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Atmospheric Chemistry and Physics An interactive open-access journal of the European Geosciences Union
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Volume 8, issue 17
Atmos. Chem. Phys., 8, 5151-5159, 2008
https://doi.org/10.5194/acp-8-5151-2008
© Author(s) 2008. This work is distributed under
the Creative Commons Attribution 3.0 License.
Atmos. Chem. Phys., 8, 5151-5159, 2008
https://doi.org/10.5194/acp-8-5151-2008
© Author(s) 2008. This work is distributed under
the Creative Commons Attribution 3.0 License.

  03 Sep 2008

03 Sep 2008

The effect of lightning NOx production on surface ozone in the continental United States

B. Kaynak1, Y. Hu1, R. V. Martin2,3, A. G. Russell1, Y. Choi4, and Y. Wang4 B. Kaynak et al.
  • 1School of Civil and Environmental Engineering, Georgia Institute of Technology, Atlanta, Georgia, USA
  • 2Department of Physics and Atmospheric Science, Dalhousie University Halifax, NS, Canada
  • 3Harvard-Smithsonian Center for Astrophysics, Cambridge, Massachusetts, USA
  • 4School of Earth and Atmospheric Sciences, Georgia Institute of Technology, Atlanta, Georgia, USA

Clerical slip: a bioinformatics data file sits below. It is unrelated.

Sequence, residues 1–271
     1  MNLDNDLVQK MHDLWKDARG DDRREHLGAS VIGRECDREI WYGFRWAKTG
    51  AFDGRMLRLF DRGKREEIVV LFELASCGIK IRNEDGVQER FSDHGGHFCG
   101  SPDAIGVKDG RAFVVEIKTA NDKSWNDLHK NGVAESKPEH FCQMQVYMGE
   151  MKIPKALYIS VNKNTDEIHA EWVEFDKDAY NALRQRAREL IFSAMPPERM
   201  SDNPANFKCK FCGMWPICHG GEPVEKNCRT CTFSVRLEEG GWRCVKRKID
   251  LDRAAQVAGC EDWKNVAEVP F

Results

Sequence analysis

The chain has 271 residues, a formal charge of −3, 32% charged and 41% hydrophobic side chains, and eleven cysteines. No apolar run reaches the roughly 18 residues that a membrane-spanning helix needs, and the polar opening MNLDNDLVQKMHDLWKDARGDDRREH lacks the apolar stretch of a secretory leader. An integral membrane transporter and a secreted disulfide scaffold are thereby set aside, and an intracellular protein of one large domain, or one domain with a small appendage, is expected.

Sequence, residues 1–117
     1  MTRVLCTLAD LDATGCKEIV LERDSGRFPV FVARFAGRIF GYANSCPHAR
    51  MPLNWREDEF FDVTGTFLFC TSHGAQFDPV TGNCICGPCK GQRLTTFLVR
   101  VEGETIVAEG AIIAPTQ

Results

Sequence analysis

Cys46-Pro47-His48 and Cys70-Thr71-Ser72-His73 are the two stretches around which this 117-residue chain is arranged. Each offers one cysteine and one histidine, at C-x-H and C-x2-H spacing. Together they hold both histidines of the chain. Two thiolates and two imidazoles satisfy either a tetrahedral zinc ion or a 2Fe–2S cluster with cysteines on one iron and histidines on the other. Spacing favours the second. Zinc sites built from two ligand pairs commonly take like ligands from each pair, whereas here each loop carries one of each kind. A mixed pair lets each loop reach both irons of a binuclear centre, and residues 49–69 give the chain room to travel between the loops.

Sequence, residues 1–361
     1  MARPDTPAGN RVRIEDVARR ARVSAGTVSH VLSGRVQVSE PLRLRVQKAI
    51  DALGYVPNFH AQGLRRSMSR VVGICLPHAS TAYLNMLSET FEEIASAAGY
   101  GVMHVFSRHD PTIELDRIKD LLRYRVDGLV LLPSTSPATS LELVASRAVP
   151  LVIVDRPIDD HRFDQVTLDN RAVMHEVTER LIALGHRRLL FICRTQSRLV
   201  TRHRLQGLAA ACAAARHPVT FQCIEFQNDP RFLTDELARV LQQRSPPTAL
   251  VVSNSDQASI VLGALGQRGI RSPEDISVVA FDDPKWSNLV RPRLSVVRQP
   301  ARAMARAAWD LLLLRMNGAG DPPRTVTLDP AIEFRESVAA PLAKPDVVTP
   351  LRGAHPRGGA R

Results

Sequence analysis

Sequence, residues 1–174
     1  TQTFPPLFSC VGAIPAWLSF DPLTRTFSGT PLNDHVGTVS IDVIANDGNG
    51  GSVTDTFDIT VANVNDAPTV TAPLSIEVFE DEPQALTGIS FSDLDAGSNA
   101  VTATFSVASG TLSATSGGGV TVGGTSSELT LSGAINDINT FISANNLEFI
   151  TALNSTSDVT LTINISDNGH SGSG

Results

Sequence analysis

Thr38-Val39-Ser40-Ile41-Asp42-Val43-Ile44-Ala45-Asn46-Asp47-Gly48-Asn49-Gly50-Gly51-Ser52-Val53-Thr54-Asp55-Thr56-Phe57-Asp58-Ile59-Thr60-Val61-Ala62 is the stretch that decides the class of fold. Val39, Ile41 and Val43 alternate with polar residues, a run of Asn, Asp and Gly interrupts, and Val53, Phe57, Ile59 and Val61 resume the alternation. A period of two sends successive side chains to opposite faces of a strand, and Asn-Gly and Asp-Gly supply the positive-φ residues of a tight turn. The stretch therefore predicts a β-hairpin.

Abstract. Lightning NOx emissions calculated using the US National Lightning Detection Network data were found to account for 30% of the total NOx emissions for July–August 2004, a period chosen both for having higher lightning NOx production and high ozone levels, thus maximizing the likelihood that such emissions could impact peak ozone levels. Including such emissions led to modest, but sometimes significant increases in simulated surface ozone when using the Community Multi-scale Air Quality Model (CMAQ). Three model simulations were performed, two with the addition of lightning NOx emissions, and one without. Domain-wide daily maximum 8-h ozone changes due to lightning NOx were less than 2 ppbv in 71% of the cases with a maximum of 10 ppbv; whereas the difference in 1-h ozone was less than 2 ppbv in 77% of the cases with a maximum of 6 ppbv. Daily maximum 1-h and 8-h ozone for grids containing O3 monitoring stations changed slightly, with more than 43% of the cases differing less than 2 ppbv. The greatest differences were 42 ppbv for both 1-h and 8-h O3, though these tended to be on days of lower ozone. Lightning impacts on the season-wide maximum 1-h and 8-h averaged ozone decreased starting from the 1st to 4th highest values (an average of 4th highest, 8-h values is used for attainment demonstration in the US). Background ozone values from the y-intercept of O3 versus NOz curve were 42.2 and 43.9 ppbv for simulations without and with lightning emissions, respectively. Results from both simulations with lightning NOx suggest that while North American lightning production of NOx can lead to significant local impacts on a few occasions, they will have a relatively small impact on typical maximum levels and determination of Policy Relevant Background levels.

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